Onto the best 18650 batteries, the Samsung INR 18650-30Q has a slightly better than average amp limit – offering up to 15 A continuous discharge – and an excellent capacity of 3,000 mAh. This uses nickel chemistry (indicated by the “N” in the name), and testing suggests it actually performs reasonably well at 20 A, although it’s better to stick to the 15 A max recommendation for safety purposes. You can pick this battery up for $8.95.
7 – LG 18650 HE2/HE4 (20 A / 2,500 mAh)
The HE2 and HE4 hybrid IMR 18650 batteries from LG both have the same core specs, offering a 20 A continuous discharge limit and 2,500 mAh capacities. The (yellow) HE4 is the newer model (and is actually called the LG DBHE41865), and shows good performance in tests at 20 A, although the capacity drops considerably when tested under the (not recommended) amp-load of 30 A. If you can’t find the HE4, though, the (red) HE2 is still a very dependable battery and may be easier to find in stock. Kidney Puncher claims that they’ve seen tests where the HE2 handles much higher currents, but available tests show a notable capacity and voltage drop when tested at 30 A. As always, it’s best to stay within the battery’s official limits.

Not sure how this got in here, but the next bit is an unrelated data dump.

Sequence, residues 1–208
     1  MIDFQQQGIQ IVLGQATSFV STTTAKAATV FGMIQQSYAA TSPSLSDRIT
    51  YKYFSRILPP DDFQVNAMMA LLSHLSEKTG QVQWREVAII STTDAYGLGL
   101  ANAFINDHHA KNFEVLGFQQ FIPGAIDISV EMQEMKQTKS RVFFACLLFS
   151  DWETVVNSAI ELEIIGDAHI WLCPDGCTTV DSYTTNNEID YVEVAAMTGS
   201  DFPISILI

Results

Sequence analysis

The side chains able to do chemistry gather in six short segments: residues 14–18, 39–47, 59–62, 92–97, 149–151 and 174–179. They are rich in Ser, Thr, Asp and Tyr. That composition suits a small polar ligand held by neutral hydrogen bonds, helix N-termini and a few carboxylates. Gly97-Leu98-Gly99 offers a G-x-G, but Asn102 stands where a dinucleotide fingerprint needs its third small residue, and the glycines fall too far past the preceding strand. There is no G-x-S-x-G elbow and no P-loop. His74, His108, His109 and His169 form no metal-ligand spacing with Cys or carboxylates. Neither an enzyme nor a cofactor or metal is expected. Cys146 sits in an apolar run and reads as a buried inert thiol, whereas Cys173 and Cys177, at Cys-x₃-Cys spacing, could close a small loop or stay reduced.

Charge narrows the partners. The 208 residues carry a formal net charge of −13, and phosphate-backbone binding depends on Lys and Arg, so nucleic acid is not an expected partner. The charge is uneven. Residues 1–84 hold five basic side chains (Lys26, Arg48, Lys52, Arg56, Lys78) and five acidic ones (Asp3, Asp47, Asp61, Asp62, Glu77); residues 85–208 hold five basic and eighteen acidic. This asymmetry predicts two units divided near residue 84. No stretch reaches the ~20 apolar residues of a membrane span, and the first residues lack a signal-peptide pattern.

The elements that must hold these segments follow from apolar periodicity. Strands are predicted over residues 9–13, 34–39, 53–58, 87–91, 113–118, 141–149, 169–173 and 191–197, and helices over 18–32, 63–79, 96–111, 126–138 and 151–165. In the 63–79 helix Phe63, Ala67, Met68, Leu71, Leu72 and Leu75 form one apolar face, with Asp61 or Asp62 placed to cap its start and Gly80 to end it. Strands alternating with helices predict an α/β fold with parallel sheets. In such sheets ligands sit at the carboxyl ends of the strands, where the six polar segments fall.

6 – LG INR 18650HG2 (20 A / 3,000 mAh)
Also offering a 20 A maximum continuous discharge but providing 3,000 mAh capacity, the LG INR 18650 HG2 is up there with the best vaping batteries for sub-ohming. The only reason this isn’t placed above the HE2 and HE4 is that initial testing from Kidney Puncher suggests a fairly poor performance, dropping to around 2,100 mAh when tested under vaping-like conditions on a 0.2 ohm coil (meaning 21 A at the full 4.2 V). Still a great option for the amp limit alone, though.